"Walking and thinking have been amiable companions since ancient times," Mr. Pang writes in "Rest." "Among creative thinkers, it provides time to clear the mind or get a fresh perspective on a problem."

The book has chapters on other activities and behaviors that he says stimulate and sustain creativity, including other forms of exercise, "deep play," and sleep. It offers ideas for incorporating a range of practices into day-to-day life, and examples of how notable achievers tapped into restful activity to live generative lives.

Mr. Pang taps into the latest neuroscience to explain the connection between, for example, strenuous exercise and rigorous thinking capacity, sleep and creativity, restful activity and robust productivity. But the book also provides insights from philosophers, writers and other thinkers of the past.

For example, he cites philosopher William James' 1899 essay "Gospel of Relaxation" in arguing that overwork is counterproductive. According to the philosopher, who also is described by some historians as the father of psychology, overworked Americans of the day (and Mr. Pang would argue that this applies to American workers today) grew accustomed to "inner panting and expectancy" and bringing "breathlessness and tension to work." But living "excitedly and hurriedly" doesn't allow us to do more, he asserted. Rather, "the exact reverse is the case" -- a conclusion reached more than a century ago that's supported today by volumes of research.

Mr. Pang also cites the work of anthropologist Clifford Geertz, who popularized the term "deep play," which, as opposed to shallow play, can offer "lasting benefits and satisfaction." One form (out of the four he lists) of deep play involves engaging in an activity whose features offer some of the same rewards as one's work.

As an example, Mr. Pang cites Winston Churchill's painting hobby. The former British prime minister likened his artistic pastime to politics because they both demand "clear vision, boldness, fearlessness regarding making mistakes, and connecting themes." By engaging in the deep play of painting, Mr. Churchill was able to experience the rewards of meeting specific, personally appealing challenges in real time that would have been indefinitely delayed, if not denied, in the political realm.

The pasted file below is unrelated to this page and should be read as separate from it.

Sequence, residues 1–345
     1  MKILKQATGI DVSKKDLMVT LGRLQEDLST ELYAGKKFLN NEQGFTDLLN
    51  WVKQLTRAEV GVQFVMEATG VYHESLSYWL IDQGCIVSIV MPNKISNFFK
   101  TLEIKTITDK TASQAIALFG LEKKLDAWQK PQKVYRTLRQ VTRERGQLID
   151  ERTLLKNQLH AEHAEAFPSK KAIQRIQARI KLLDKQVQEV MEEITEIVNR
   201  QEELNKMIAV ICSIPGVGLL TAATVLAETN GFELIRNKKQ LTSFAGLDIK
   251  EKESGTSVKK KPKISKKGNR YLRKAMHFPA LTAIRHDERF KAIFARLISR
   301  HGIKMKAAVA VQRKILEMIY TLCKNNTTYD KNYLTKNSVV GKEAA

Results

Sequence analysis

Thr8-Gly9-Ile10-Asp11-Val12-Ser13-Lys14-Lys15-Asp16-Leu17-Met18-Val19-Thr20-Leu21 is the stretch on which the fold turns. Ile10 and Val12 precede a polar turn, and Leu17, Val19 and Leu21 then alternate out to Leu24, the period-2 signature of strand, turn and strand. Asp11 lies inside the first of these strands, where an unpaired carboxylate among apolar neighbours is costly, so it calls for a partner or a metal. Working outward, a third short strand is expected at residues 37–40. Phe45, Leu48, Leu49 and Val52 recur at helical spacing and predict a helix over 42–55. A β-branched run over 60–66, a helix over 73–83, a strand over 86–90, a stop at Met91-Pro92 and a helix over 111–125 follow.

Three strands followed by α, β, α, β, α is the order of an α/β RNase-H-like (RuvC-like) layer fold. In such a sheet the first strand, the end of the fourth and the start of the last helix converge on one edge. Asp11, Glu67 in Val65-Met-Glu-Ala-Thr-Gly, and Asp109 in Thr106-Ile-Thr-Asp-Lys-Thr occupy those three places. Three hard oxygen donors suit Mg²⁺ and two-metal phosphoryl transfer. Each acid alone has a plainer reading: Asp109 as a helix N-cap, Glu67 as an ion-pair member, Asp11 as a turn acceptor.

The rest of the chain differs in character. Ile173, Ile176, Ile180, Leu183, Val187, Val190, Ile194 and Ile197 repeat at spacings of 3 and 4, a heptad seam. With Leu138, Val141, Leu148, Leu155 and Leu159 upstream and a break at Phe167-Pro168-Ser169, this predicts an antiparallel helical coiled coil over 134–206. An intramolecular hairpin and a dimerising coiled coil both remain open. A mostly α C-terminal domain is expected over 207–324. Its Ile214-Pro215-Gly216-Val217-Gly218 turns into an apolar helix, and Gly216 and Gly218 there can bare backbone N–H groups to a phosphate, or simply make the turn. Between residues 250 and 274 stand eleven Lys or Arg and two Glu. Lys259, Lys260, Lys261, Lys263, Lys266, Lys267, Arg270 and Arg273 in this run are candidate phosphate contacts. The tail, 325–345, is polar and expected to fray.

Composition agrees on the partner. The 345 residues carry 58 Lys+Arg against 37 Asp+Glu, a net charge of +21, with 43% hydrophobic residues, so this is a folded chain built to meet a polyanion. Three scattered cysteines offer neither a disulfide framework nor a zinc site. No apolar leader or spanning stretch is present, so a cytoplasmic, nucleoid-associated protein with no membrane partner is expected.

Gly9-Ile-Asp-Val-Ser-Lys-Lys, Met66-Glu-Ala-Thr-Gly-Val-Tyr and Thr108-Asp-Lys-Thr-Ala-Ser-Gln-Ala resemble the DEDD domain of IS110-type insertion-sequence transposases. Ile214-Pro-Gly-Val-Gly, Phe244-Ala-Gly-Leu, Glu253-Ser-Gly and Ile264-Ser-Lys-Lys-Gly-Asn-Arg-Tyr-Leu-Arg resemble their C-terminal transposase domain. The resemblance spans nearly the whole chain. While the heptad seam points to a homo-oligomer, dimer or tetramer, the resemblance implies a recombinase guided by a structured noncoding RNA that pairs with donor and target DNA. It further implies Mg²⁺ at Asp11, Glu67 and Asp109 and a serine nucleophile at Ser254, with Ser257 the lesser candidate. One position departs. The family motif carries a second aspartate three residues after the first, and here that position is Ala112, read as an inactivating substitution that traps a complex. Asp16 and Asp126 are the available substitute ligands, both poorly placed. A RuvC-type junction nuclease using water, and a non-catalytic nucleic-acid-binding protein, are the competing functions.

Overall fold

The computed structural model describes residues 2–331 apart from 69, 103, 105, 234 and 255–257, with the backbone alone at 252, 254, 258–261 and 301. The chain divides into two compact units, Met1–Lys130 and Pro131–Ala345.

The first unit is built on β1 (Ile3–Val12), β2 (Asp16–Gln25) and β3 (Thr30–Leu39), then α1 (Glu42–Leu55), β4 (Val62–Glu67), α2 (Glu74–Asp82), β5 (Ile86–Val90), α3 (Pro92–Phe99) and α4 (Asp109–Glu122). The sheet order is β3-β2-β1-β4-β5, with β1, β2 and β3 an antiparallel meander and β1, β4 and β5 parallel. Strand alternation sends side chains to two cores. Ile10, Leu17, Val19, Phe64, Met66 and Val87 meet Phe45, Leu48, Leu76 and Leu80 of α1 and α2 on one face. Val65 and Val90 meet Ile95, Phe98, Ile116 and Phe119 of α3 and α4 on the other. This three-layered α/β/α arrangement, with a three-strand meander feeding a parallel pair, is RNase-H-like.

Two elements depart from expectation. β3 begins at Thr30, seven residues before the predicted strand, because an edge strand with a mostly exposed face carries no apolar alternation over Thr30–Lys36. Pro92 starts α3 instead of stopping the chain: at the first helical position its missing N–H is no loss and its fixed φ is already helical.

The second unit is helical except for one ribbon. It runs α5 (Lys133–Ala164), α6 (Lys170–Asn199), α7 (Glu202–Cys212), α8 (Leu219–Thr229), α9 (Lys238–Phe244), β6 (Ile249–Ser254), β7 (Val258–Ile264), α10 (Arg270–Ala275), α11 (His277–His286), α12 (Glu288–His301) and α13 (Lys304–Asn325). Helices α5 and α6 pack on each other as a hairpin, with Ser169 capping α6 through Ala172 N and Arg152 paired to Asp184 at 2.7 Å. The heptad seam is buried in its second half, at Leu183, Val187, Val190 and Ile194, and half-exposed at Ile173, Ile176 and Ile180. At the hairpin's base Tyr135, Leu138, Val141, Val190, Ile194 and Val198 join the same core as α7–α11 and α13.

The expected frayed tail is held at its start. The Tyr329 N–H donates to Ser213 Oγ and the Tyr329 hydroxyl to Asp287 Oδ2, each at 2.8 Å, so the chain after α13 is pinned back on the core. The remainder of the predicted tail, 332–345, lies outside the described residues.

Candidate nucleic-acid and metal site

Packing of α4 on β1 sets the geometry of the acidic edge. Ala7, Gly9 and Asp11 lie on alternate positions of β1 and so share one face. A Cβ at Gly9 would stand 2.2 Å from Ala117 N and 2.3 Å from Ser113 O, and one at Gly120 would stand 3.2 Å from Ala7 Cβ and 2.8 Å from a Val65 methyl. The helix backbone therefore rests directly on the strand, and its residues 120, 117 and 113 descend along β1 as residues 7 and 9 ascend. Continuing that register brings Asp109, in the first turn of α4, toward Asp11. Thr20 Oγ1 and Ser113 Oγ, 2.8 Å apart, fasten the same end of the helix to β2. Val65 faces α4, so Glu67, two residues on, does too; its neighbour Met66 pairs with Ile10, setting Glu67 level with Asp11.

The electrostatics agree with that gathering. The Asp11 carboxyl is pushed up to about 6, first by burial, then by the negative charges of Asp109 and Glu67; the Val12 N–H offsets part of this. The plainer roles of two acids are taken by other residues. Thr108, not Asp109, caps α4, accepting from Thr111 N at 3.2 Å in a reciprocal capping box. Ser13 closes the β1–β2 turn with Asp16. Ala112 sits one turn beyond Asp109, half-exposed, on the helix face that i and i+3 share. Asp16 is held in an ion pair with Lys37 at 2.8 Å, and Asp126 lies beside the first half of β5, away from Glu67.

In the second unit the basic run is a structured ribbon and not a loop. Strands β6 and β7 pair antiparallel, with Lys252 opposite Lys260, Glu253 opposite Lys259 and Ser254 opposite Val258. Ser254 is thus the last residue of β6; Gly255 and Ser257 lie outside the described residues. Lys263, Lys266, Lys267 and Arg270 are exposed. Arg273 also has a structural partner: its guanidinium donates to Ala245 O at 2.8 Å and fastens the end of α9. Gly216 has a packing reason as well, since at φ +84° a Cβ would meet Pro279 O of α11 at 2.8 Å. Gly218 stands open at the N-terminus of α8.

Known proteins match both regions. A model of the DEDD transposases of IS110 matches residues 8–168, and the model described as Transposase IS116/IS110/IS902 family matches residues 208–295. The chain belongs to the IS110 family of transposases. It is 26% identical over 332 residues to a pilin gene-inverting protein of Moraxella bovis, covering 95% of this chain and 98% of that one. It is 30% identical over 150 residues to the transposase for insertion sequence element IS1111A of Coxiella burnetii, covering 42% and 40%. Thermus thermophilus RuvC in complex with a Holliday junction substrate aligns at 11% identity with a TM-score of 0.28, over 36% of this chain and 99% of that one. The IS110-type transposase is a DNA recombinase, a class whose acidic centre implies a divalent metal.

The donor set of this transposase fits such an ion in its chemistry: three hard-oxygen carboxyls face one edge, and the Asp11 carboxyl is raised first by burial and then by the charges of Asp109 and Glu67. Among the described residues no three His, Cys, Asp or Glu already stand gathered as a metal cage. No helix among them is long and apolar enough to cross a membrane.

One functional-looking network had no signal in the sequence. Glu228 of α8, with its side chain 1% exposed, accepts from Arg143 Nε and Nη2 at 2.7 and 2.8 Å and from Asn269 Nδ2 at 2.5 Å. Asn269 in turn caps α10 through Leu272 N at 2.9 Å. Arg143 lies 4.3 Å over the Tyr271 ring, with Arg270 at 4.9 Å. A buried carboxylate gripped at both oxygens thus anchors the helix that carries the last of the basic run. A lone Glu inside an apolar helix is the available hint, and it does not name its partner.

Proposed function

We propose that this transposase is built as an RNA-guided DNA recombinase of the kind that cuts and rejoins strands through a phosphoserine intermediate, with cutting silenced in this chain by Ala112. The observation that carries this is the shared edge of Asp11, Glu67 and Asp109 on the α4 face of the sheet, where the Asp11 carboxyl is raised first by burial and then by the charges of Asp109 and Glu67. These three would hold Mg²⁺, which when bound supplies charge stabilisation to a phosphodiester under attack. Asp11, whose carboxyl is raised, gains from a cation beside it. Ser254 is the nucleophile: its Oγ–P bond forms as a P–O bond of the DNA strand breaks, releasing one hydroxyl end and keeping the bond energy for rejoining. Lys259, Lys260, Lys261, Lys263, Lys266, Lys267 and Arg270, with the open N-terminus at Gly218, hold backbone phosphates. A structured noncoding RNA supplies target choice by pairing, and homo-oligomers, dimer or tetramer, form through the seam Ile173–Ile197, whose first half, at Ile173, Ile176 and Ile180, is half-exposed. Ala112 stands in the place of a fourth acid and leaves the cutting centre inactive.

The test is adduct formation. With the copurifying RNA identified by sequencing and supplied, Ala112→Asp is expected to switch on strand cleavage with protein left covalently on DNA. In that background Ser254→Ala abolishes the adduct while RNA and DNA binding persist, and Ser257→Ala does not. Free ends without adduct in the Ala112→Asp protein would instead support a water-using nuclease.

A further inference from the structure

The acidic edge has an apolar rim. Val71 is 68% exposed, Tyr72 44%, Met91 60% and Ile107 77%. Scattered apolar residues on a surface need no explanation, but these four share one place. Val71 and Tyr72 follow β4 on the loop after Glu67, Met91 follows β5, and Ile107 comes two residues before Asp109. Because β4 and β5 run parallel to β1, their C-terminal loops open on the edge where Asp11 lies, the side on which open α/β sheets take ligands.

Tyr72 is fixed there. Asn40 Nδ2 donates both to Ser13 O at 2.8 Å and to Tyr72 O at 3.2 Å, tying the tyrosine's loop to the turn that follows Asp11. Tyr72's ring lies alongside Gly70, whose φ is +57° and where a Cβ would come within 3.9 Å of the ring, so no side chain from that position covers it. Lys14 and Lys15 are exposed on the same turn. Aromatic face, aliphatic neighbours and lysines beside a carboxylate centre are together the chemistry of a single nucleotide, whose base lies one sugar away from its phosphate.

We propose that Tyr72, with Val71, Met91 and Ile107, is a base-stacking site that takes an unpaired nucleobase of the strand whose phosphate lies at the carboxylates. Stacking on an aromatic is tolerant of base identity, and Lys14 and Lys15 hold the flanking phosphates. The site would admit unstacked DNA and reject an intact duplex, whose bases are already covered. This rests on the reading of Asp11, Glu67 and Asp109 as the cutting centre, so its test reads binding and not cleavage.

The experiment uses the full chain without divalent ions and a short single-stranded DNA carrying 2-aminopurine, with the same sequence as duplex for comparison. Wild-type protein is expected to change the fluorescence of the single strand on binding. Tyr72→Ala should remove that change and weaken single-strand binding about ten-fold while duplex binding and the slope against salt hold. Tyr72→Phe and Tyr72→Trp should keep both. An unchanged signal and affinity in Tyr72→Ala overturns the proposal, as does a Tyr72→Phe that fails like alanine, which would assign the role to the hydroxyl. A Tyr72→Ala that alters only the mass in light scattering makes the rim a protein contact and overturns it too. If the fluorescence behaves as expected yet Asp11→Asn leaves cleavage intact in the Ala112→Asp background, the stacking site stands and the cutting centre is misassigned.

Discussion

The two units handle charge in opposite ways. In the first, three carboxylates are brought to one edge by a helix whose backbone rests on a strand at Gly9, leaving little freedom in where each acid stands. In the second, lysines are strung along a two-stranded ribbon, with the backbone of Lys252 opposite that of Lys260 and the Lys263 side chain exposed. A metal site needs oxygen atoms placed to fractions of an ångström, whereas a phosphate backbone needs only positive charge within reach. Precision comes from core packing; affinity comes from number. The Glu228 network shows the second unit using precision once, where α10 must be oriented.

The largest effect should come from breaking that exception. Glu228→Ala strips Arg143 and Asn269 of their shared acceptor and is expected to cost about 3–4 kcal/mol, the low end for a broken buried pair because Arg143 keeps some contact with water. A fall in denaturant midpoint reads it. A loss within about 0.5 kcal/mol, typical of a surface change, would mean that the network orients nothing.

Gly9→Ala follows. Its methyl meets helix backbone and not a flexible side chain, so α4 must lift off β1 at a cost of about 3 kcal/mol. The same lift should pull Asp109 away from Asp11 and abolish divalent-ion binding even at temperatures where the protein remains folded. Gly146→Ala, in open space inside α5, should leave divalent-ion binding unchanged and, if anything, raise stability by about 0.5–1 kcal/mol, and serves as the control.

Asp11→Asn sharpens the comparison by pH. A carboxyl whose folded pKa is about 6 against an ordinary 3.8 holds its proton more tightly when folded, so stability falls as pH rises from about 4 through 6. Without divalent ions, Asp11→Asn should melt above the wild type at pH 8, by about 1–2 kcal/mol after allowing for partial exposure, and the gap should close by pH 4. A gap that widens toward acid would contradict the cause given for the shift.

Rest in the real world

Americans, Mr. Pang writes in his book, "work more and vacation less than almost any other nationality in the world." And away from the workplace in the digital age, many are tethered to work because they feel pressured to check and respond to email and other messages.

So given modern work demands, how does one find the time for rest? "We have to seize that time back -- carve it out in a world that's determined to make us do other things," Mr. Pang insists.

A visiting scholar at Stanford University with a doctorate in the history of science from the University of Pennsylvania, Mr. Pang formerly worked as a senior consultant at a think tank on SRI's Menlo Park campus until leaving to devote himself full time to research and writing projects. (His first book, "The Distraction Addiction," was published in 2013.)

This fall, he founded the Restful Company, which, he says in an email, he launched to continue the research he started with "Rest," focusing particularly "on contemporary efforts by companies, schools, and other organizations to develop new ways of combining work and rest; working with companies to incorporate and leverage deliberate rest; and a little work with individuals who want to build deliberate rest into their lives."

To carve out time for his own work and rest, "I just say no to a lot of things, without debilitating guilt," he says. "If you are too agreeable to (the requests) of other people, you don't do the work you were meant to do," he adds, noting, however, that "you don't have to be antisocial."

In the book, he describes the strategies of people who have accomplished important, sometimes great things. In many cases, "their lives have this admirable minimalism -- a deliberate minimalism," he says, adding that they were determined to "design their lives so that they focus on only the most important things."

Their focused, deliberate pursuits "give meaning to life that a lot of small things do not," he adds.

"Nobody multi-tasks their way to greatness -- nobody."